After thirty years as a real estate professional it seems strange to be surprised about any issue concerning realtors (negative or positive). But having also spent the past ten years as the owner of ProAPOD Real Estate Investment Software I must admit that there have been a few occurrences that smack so loudly of hypocrisy that I must comment.
Understand, however, that I have worked alongside with (and personally know) many brokers and agents, not to mention the fact that the customers for my investment software are primarily realtors. Therefore, as such, I am qualified to suggest that most realtors are pleasant to be around.
Still, not unlike members of any group or industry, there are always going to be a few that get under your skin and cause you to explode. It is these few that I call hypocritical and in turn, must cite as an example.
Earlier this year I was chided by a customer for “daring” to charge a minimal fee to replace software she had purchased three years before and lost to a computer meltdown. Of course I understand computer viruses and the frustration of having to replace software programs, so I lean over backward to acknowledge and accommodate.
In cases when it concerns a customer who made a purchase within the first 12 months, for example, I replace the software at no charge (though I am not obligated to do so). Even with purchases extending beyond 12 months, I am willing to provide a new download of the full working software version for a fraction of the price. This is not unfair, and certainly a lot more generous than the majority of software suppliers that I’ve dealt with.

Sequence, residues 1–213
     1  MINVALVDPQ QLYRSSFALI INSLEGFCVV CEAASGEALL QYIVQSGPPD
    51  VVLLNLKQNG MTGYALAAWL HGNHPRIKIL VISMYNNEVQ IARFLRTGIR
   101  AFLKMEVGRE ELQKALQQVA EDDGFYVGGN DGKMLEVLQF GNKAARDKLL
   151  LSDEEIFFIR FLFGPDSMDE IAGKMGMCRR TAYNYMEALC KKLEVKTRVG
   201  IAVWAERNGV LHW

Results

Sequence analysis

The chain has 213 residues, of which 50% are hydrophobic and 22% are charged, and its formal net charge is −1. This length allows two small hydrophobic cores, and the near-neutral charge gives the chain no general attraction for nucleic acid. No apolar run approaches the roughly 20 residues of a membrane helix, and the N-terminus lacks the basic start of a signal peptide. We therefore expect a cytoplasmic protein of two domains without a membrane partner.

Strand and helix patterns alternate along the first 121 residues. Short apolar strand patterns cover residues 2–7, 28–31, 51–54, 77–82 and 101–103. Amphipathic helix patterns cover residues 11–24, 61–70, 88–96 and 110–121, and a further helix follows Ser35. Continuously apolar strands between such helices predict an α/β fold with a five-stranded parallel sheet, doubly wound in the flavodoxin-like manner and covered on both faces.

In this case, she was being hypocritical because she would certainly expect payment for her services. Would she, for instance, ever give back a commission following a transaction merely because the buyer or seller’s situation changes? Has she ever re-sold a property free of charge because her buyers lost their equity to an economic down turns? Of course not, but that’s not a character flaw; no reasonable person would expect her to work for free merely because bad things happen that are out of her control. So why would she fault me, a software provider, for not wanting to work for free?
A second incident occurred recently when I was faulted for posting information about my real estate investment software in a social networking group. The broker considered my information of no value to the membership of real estate professionals. But wait a minute, of course I wouldn’t expect it to have value to all, but my real estate investing software certainly can be of interest to some realtors who service investment property; after all, the software is regularly used by those in the industry.
In this case, I find him hypocritical because I am certain that he posts information regarding properties he has listed for sale that certainly cannot be expected to have value to all in the group. The best he can hope for is that maybe someone might be interested; which is exactly my intent. So why the double standard?
Look, we are all in the same boat; we are in the business of selling–whether it’s property or real estate investing software. We can’t be faulted to charge for our services, and most certainly cannot be blamed for marketing our product; particularly when our product might have value to our real estate colleagues.